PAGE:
Hello!

timallen123timallen123 Posts: 2Member
edited January 10 in New Members Welcome!
Hi everyone,

I have been a silent follower on here for a couple of months now and was a bit apprehensive about posting. I run a small hydrographic set up in Oxford and have been going since November 2017. However, I was a bit nervous because I don't have all the professional kit everyone talks of on here. I started using a dip kit at home.

Anyway, I am getting to the stage now where I am considering scaling the business up when I graduate in June to sustain a full time wage and wanted to get peoples advice. I have a few options, I can potentially build an outbuilding in my garden at home and install a small spray booth/room and potentially a tank or I could lease a warehouse space somewhere local. This would obviously be a lot more expensive and reduce my margins but would leave room for future growth and more space for equipment.

So, what should I do? I have minimal savings so would need to raise investment externally as well as using the profits made in the first year to build these facilities. My main reservations are that I don't really need a full size tank as the film is only about 25cm2 and therefore a large tank seems a bit overkill. However I am very keen learn from the experts!

Finally, I also use rattle can lacquers which are ok but I started testing a gloss Vallejo airbrush varnish which gives a good finish but is not overly glossy. Are there any other lacquers I could thin down and spray through a 0.4mm airbrush to lacquer the glasses with a high gloss finish?

Hopefully that all makes sense and sorry for the long introduction!

Tim
Post edited by timallen123 on

Comments

  • SreynoldsSreynolds Posts: 1,485Member ✭✭✭✭
    If dipping a few pairs of glasses is where you are now, I wouldn't jump into a lease ! If you have the space at home to build a decent size shop... that's the direction I would go. To make a profitable business out of this you will need the proper equipment to do so. A plastic tote, air brush, and a few rattle cans of paint wont get it done. Aquagraphix would be the company I would go to in the UK, they seem to be good folks.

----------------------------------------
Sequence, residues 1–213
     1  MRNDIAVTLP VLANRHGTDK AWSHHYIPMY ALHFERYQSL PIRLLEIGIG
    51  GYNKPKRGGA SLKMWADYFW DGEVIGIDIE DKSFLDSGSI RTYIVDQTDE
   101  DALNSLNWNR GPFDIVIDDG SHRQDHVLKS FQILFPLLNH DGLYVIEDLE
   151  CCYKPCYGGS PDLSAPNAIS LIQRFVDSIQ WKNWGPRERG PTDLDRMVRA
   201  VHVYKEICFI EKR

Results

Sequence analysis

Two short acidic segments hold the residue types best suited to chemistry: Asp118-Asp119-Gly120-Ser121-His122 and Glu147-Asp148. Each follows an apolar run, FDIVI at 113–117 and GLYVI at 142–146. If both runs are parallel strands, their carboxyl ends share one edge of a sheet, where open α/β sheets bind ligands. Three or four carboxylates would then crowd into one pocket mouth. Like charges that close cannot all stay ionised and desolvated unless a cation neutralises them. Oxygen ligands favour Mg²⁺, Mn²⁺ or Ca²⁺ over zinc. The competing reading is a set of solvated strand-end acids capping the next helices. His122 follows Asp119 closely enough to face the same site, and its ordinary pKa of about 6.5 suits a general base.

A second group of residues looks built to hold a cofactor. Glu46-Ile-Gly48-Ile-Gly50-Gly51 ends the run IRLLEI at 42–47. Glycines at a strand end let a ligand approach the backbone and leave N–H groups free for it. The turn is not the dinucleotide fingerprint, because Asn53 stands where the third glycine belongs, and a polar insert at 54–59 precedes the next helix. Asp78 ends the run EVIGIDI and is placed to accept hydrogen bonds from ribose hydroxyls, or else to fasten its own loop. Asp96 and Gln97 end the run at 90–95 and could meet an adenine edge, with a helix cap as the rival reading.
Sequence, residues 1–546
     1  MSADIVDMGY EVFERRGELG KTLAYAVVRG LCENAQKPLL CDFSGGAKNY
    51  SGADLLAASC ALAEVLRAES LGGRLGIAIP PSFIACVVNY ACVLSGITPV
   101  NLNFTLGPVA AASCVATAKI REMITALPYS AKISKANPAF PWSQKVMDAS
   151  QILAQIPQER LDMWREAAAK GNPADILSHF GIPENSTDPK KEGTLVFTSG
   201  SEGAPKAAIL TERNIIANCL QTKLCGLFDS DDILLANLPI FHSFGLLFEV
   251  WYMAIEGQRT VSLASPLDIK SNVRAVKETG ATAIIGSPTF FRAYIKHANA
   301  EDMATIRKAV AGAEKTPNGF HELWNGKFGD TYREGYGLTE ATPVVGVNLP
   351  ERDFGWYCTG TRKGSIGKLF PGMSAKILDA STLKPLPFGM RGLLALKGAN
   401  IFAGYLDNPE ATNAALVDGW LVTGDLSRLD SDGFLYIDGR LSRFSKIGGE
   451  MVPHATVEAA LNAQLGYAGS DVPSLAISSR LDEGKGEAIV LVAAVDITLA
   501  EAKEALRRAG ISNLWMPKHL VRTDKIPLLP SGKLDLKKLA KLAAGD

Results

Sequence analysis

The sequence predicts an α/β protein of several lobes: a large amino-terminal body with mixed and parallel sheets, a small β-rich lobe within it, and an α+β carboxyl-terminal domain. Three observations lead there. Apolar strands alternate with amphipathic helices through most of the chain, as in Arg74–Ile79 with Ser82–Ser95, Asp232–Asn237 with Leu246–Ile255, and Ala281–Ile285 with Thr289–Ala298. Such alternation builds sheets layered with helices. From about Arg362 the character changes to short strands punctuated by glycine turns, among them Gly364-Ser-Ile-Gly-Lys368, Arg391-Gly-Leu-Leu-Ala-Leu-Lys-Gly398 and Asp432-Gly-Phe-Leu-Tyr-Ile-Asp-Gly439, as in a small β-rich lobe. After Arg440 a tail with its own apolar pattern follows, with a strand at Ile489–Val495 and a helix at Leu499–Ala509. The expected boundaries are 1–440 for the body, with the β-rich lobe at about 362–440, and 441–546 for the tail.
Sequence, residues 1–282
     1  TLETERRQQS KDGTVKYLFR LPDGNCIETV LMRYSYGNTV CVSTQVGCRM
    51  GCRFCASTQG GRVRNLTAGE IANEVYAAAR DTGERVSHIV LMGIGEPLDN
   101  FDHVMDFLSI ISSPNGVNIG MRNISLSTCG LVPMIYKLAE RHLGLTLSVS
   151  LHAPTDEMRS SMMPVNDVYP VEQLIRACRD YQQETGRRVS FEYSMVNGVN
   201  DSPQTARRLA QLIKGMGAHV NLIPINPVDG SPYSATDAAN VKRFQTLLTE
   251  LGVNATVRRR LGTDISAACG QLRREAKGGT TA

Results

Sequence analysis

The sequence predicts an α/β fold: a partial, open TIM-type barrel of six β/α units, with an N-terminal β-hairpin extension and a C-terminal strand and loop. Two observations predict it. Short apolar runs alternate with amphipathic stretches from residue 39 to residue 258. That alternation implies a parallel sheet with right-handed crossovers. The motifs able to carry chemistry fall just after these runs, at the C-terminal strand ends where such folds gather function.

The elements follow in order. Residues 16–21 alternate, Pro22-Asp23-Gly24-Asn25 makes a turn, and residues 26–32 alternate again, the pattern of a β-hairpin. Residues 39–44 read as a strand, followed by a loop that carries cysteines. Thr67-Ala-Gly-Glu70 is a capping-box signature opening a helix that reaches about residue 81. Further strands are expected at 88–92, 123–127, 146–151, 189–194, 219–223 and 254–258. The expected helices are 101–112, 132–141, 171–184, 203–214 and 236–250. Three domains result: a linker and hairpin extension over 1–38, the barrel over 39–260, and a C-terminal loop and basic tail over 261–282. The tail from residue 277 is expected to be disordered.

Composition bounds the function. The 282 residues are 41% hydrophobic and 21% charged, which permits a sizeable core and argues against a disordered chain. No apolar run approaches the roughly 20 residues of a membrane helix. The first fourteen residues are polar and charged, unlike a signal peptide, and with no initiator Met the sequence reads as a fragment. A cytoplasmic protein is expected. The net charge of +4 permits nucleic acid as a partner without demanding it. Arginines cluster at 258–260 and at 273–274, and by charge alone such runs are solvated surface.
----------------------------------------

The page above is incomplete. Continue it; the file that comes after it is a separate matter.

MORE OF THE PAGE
This is not a easy business to get off the ground, its expensive and frustrating as hell. I see a lot more getting out than in these days! Not bashing or down grading here ... just good honest talk ! welcome to the forum and good luck to you !!
  • DeviousDipsDeviousDips Posts: 1,868Member ✭✭✭✭✭
    Welcome
  • WileECoyoteWileECoyote Posts: 6,956Member, Moderator, Business Ninja El Moderator
    You have two choices and I know someone here looks at it the opposite way I do, so I will try to give both sides.

    Side one. Jump in to this with both feet, get the equipment and building you need and get out there and hustle up some business to make your life. It will be tough to start with, but eventually it pays off, or your business folds and you move on.

    Side two. You have an education, and currently you are adding some income by doing this on the side. Get a job that pays the bills and chase your dream on the side, slowly adding to your process as needed. If it is a profitable business, it will take off, and you can make the decision at that point.

    Considering over 80% of small businesses fail, I would ALWAYS defer to side 2
  • studebakerstudebaker Posts: 3,282Member, Business Ninja ✭✭✭✭✭
    The low gloss finish is because you are putting it on with an airbrush! It's almost literally drying from the nozzle to the substrate. An airbrush is for color, not clear. Clear paint needs to "flow" to achieve a gloss. If you won't/refuse to use a full size professional spray gun, at least buy a cheap touch up gun.
  • timallen123timallen123 Posts: 2Member
    Thanks for the feedback.

    The low gloss finish is because you are putting it on with an airbrush! It's almost literally drying from the nozzle to the substrate. An airbrush is for color, not clear. Clear paint needs to "flow" to achieve a gloss. If you won't/refuse to use a full size professional spray gun, at least buy a cheap touch up gun.


    I am not against using a professional spray gun, I just thought it may be a tad overkill to paint such a small surface area like glasses. I will look into a professional spray gun.


  • WileECoyoteWileECoyote Posts: 6,956Member, Moderator, Business Ninja El Moderator
    Look at the Mini guns. @K2Concepts has them on his site
  • K2ConceptsK2Concepts Posts: 13,861Administrator El Jefe
    And welcome to the forum...
  • NickelCityHydroNickelCityHydro Posts: 710Member, Business Ninja ✭✭✭
    Welcome aboard ! Some good advise given here.
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